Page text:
who within a few months was conversing fluently with the native people.5 Previous to the
departure of five of his brethren, Cannon had been assigned to labor on Maui, where he
returned and remained for much of his mission. It was on this island that he met Kimo Belio
and Samuela Manoa.
Belio was a resident of Wailuku, Maui when the first ten Mormon missionaries
arrived in 1850. Once the decision was made to preach their doctrine to the natives, Elder
Cannon returned to his ministry on Maui, spending a large amount of time in the village of
Wailuku. It has been stated in some accounts that Manoa and Belio were taught, baptized
and ordained elders by Cannon in that village.6 There are no records found confirming this,
but because Cannon’s labors in that area were extensive and Belio and Manoa were living
in that place at that time, the claim of Cannon introducing them to the faith ought not to be
dismissed. Elder Cannon arrived in December 1850 and made his first converts in Wailuku
in the latter part of 1851.7 Thus, one can estimate that if Cannon was the missionary that
baptized Manoa and Belio, then they were baptized and confirmed members of the Church
of Jesus Christ of Latter-day Saints. They were ordained elders between 1852 and 1854; at
which time Cannon returned to Utah at the close of his mission.
However, in examining the family life of Kimo Belio, evidence suggests his entrance
into the Mormon Church came by way of a different missionary at a later time. Belio
married a woman named Kaolelohou and resided with her in Wailuku. On 25 December
3 R. Lanier Britsch, Unto the Islands of the Sea: A History of the Latter-day Saints in the Pacific, (Salt Lake: Deseret
Book), 98-99. 4 Britsch, 107 and 110. 5 Cannon, Letter, Wailuku, Maui, S.I., March 1, 1852, in “Intelligence from the Sandwich Islands,” Millennial Star,
14 (October 26, 1852), 555. 6R. Carl Harris, The Expanded Samoan Mission History 1888-1988, Centennial Edition, June 1988, Joseph F. Smith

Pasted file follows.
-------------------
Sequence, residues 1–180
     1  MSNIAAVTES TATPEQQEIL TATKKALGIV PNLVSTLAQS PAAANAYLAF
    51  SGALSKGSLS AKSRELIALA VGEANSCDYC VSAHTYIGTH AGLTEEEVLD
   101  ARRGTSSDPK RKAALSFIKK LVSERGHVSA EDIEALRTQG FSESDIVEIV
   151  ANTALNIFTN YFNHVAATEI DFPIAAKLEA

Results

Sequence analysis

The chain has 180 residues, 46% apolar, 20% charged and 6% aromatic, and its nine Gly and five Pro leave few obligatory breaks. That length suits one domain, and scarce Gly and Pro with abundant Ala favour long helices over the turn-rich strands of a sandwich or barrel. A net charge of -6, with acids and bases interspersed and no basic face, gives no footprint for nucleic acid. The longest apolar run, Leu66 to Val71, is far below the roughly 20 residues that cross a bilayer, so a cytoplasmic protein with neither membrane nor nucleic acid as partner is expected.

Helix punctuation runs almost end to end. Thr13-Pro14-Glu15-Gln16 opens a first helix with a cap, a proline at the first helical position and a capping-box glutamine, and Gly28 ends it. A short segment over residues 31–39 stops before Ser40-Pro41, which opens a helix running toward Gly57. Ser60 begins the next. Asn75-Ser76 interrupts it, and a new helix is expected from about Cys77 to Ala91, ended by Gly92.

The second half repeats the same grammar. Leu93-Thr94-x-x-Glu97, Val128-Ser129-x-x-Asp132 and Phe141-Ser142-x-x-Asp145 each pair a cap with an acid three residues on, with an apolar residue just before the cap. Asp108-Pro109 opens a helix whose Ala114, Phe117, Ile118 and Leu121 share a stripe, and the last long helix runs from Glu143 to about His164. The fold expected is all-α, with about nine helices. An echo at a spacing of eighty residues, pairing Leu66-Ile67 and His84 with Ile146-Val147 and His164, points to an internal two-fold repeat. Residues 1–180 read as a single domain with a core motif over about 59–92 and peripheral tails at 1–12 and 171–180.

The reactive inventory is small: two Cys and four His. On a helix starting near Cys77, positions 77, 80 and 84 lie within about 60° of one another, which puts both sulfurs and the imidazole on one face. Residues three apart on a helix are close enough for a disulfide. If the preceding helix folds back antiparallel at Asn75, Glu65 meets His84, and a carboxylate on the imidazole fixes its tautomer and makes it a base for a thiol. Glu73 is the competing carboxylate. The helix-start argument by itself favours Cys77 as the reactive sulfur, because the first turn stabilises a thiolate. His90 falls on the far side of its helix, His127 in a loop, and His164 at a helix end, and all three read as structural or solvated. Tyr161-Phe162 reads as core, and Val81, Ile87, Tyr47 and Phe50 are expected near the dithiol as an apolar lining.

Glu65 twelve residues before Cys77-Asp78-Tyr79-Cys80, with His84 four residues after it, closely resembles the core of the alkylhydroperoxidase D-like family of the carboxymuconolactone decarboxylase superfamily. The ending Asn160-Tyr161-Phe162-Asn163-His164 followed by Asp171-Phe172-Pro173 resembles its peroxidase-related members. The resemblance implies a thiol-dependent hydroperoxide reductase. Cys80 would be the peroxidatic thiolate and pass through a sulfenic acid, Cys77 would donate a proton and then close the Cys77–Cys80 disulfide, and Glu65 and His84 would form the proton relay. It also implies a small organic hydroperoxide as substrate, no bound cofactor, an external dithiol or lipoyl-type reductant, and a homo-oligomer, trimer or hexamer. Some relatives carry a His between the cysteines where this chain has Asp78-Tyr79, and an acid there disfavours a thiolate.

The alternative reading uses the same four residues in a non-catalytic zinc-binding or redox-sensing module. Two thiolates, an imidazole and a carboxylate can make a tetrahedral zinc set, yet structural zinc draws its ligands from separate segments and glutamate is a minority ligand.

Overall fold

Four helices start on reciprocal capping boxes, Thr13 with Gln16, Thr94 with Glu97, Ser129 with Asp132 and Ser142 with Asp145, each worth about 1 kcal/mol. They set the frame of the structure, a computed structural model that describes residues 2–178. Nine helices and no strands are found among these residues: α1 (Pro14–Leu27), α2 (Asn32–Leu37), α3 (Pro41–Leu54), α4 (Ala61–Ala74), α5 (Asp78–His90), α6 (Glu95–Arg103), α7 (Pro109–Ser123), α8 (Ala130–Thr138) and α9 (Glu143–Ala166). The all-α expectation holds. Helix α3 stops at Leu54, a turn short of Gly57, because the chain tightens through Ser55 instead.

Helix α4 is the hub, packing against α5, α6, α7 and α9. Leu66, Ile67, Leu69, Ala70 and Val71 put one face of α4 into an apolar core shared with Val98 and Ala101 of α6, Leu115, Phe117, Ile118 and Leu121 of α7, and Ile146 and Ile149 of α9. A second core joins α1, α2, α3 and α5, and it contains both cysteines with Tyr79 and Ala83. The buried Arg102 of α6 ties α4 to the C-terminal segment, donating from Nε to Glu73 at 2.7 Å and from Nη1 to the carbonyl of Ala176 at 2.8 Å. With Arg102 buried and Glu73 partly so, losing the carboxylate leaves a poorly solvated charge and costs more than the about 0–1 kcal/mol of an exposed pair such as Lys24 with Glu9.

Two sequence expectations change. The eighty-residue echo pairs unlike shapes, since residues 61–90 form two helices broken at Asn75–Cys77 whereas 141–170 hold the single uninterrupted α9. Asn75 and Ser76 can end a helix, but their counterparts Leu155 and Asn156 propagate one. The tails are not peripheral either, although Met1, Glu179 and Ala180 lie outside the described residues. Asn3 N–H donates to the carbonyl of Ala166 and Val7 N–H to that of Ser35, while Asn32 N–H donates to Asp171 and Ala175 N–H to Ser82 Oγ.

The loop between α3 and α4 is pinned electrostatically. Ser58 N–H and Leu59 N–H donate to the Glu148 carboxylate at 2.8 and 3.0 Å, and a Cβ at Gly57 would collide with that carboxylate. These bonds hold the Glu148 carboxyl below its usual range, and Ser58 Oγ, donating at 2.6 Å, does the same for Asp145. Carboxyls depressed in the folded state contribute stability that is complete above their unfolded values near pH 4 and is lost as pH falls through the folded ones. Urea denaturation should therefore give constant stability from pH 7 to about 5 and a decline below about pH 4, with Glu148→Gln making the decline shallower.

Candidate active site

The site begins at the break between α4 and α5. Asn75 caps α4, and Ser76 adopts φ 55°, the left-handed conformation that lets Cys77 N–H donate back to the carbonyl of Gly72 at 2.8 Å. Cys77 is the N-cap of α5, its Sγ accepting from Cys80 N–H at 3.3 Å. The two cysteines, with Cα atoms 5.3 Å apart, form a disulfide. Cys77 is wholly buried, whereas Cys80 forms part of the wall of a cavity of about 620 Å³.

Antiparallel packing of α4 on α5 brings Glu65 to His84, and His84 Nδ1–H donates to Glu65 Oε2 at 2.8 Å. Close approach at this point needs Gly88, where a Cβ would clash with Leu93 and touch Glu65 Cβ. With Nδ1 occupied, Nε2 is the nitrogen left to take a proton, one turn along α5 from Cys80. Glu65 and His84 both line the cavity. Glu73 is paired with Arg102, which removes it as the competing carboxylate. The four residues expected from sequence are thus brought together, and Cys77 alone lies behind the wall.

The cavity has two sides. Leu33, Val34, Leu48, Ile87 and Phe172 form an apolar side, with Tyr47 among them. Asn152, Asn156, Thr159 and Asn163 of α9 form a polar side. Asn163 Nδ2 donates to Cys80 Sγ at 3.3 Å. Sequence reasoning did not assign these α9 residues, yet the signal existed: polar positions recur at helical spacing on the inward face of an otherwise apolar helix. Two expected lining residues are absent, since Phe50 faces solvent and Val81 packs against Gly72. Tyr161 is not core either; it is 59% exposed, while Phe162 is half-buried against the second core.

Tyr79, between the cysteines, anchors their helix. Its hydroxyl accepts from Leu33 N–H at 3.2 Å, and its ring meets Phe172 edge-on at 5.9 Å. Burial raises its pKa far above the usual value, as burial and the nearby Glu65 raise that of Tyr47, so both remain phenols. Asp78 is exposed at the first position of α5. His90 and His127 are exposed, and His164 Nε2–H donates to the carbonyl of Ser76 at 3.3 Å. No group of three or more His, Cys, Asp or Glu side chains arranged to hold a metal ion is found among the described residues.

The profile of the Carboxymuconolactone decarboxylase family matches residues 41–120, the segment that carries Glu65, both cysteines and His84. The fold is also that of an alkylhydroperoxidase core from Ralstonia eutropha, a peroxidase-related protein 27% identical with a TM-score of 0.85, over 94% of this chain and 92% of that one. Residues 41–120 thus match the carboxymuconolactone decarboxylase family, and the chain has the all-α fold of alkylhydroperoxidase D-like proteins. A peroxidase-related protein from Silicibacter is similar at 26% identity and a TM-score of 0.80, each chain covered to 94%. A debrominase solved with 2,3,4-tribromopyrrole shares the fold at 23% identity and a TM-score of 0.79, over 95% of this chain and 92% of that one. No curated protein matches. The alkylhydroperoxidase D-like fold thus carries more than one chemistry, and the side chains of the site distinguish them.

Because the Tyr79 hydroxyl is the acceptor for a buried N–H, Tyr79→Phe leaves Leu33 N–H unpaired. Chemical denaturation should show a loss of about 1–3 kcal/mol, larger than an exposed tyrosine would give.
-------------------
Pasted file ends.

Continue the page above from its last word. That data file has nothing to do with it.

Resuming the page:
Library, BYU-Hawaii, 1. 7 Britsch, 101.
59
1858, Kimo and Kaolelohou Belio had their first son, Alamakamika.8 Almakamika translates
into English as “Alma Smith.” Alma L. Smith served three missions in the Sandwich Islands,
the first of which was from 1856-1858. The naming of his first son after Smith is convincing
evidence that he was a greatly influential missionary in Belio’s life and likely the one that
baptized him. 9 The naming of children to honor others is a common practice found in
several cultures throughout the world and in this case it provides insight to the influence
the church had on Belio and his family. It is unknown exactly when, but Belio and his family
left their home in Maui and joined fellow church members in establishing the “City of
Joseph” in the Palawai valley, where they could to gather together and practice their
religion without the criticism and persecution that had been coming from the government
and other Christian sects.
Samuela Manoa, according to an account aging him at 27 years when called on a
mission to Samoa10, was a young adult at the time of his baptism. Manoa moved to Lanai
along with many other church members and settled with them in the Palawai valley.
To understand the unusual event that was Belio and Manoa’s mission call, one must
understand the man that issued the call to them, namely Walter Murray Gibson. Born in
England, raised in Canada, married and widowed at a young age in South Carolina, Gibson
fancied himself as an explorer destined for political power and greatness. He specifically
dreamed of Malaysia and a vast empire consisting of all the Pacific islands. A few years after
an attempt to begin his political empire in Malaysia was stopped before it could even
commence by the Dutch colonial authorities, Gibson joined the Mormon Church, his